Farm Ireland

Sunday 18 March 2018

Bord Bia defends its marketing of Irish beef

British expert claims food body's tactics will backfire in US market

Ireland’s Sean O’Brien at the launch of the Bord Bia Ham and Bacon campaign recently
Ireland’s Sean O’Brien at the launch of the Bord Bia Ham and Bacon campaign recently
Ann Fitzgerald

Ann Fitzgerald

Bord Bia has rejected a warning that the "romantic" marketing of Irish beef as grass-fed in premium markets such as the United States and China is a recipe for failure.

British livestock commentator Robert Forster claims Bord Bia need to to establish a firm technical definition of precisely what grass-fed means.

Mr Forster said Bord Bia and the Agriculture Department appeared determined to "market Irish beef in romantic terms".

However, he argued it is not sufficient to try to appeal to consumer sentiment by underlining the connection between Irish beef, the beautiful landscape of the 'Emerald Isle' and nutrient rich grass as a result of its proximity to the Gulf Stream.

"This is soft-marketing and it is dangerous," claimed Mr Forster who publishes a weekly Beef Industry Newsletter in the UK.

He said other countries have set out firm qualifications to back the branding of grass-fed.

For example, the UK's Pasture-Fed Livestock Association restricts the beef sold under its label to cuts taken from cattle reared and finished exclusively on grass and forage crops while specifically excluding those offered rations containing cereals or concentrates.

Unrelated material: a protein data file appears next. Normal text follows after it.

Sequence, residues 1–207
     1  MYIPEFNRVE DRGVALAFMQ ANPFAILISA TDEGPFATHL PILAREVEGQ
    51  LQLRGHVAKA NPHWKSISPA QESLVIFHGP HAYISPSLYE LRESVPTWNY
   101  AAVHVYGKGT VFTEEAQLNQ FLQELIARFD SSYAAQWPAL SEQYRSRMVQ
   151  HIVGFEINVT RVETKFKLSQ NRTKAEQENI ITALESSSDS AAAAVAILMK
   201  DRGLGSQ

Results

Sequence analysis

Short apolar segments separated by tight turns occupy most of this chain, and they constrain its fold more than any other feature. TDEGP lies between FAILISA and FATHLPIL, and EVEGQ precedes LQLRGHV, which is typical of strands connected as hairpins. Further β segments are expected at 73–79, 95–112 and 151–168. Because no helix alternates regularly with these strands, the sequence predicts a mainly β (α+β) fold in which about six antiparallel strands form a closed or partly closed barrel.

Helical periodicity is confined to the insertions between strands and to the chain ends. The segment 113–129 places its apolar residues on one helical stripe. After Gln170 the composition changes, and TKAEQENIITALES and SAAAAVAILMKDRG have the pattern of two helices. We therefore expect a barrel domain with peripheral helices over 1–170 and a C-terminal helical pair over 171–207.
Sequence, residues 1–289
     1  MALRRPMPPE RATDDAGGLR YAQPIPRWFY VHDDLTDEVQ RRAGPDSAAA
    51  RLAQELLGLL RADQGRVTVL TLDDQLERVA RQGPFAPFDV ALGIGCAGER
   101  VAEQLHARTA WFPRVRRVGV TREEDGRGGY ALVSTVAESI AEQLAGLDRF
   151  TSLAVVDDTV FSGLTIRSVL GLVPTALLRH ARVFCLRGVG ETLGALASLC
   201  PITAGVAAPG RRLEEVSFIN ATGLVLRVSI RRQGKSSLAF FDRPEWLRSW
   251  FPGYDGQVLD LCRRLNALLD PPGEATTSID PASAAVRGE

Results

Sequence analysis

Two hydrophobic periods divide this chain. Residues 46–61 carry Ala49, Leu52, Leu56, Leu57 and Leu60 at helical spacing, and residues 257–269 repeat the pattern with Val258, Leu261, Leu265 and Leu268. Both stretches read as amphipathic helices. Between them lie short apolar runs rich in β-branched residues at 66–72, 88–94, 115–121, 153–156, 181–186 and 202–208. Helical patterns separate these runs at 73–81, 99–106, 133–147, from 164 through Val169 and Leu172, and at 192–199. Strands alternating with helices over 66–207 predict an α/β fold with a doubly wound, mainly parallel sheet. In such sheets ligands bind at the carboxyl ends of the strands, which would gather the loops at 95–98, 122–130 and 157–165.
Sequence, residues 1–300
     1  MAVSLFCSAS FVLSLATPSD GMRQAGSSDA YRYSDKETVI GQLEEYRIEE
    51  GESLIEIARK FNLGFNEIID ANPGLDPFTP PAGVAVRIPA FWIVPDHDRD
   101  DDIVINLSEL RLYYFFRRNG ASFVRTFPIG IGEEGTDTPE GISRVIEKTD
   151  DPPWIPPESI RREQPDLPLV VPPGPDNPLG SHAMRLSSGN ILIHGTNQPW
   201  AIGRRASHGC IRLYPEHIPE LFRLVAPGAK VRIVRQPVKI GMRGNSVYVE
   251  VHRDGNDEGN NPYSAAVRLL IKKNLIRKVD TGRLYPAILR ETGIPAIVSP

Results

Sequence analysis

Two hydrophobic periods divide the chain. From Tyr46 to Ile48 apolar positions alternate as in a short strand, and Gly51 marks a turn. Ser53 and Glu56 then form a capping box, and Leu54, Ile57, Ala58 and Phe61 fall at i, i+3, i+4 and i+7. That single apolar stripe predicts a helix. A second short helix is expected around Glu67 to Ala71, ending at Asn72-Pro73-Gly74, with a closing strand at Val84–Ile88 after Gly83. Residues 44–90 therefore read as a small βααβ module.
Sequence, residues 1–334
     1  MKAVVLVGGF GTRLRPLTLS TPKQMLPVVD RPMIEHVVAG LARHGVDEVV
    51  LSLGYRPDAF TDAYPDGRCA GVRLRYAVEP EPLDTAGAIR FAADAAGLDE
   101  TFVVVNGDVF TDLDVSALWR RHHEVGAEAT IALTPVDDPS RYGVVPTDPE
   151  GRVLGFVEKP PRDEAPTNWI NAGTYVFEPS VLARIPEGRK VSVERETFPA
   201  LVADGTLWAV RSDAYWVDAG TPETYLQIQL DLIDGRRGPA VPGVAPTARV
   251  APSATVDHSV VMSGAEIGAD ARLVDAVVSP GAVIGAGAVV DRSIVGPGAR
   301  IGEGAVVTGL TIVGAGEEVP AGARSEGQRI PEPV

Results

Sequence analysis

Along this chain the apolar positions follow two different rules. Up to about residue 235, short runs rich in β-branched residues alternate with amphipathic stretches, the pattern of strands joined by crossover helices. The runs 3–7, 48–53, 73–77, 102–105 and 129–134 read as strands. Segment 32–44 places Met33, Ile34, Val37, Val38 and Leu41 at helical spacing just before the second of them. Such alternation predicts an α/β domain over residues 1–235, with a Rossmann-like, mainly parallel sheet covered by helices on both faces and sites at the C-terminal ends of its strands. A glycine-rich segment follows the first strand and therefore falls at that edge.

However, Mr Forster admits that the UK situation is only slightly better than here - the UK Pasture-Fed Livestock Association has about 200 members - but the issue is more urgent for Ireland due to the heavy reliance on exports.

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The requirements in the US, which are backed and authenticated by the US Department of Agriculture (USDA), disqualify cattle that have been winter housed as well as insisting that supplementary feed is limited to hay, lucerne or other forage.

"If Bord Bia and Simon Coveney persist in taking a soft marketing approach, and are unable to back their grass-fed claims with a tough, technical, definition that will limit the volume of qualifying cattle," said Mr Forster.

"They will inevitably be challenged by USDA as well as farmers' organisations in the countries where beef presented as grass-fed is exported to," he said.

'Unique story'

However, a Bord Bia spokesman said the agency is "well aware of the specific marketing requirements in all our destination countries and is fully compliant in all". He stressed that Ireland "has its own unique story to tell about its grass-based beef production system."

"Ireland is the first country in the world to introduce a national sustainability programme for food production and processing through our Origin Green initiative," he said.

At farm level, Bord Bia has undertaken some 90,000 carbon assessments on farms - a world first in the beef industry.

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